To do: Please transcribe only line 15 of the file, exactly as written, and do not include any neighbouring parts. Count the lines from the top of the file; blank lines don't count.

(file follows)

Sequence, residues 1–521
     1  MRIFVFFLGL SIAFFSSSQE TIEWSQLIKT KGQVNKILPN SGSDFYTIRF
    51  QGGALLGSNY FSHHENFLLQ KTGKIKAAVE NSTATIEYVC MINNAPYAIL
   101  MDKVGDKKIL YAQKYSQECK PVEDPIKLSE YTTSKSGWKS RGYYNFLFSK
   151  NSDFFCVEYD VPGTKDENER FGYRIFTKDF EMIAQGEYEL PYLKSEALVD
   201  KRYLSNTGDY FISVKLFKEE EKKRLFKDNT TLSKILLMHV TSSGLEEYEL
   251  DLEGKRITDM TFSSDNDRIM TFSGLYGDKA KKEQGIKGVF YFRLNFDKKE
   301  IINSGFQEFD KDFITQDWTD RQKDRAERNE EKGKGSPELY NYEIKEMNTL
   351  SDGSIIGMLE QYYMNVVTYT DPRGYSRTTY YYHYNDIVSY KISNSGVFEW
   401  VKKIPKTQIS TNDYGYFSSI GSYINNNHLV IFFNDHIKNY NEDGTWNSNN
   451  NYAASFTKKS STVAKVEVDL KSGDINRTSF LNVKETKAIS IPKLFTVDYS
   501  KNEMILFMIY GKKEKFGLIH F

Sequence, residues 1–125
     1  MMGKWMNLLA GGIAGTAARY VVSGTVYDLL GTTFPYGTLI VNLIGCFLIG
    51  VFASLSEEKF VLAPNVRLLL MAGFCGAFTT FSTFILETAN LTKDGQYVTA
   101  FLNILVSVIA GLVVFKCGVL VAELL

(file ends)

    51  VFASLSEEKF VLAPNVRLLL MAGFCGAFTT FSTFILETAN LTKDGQYVTA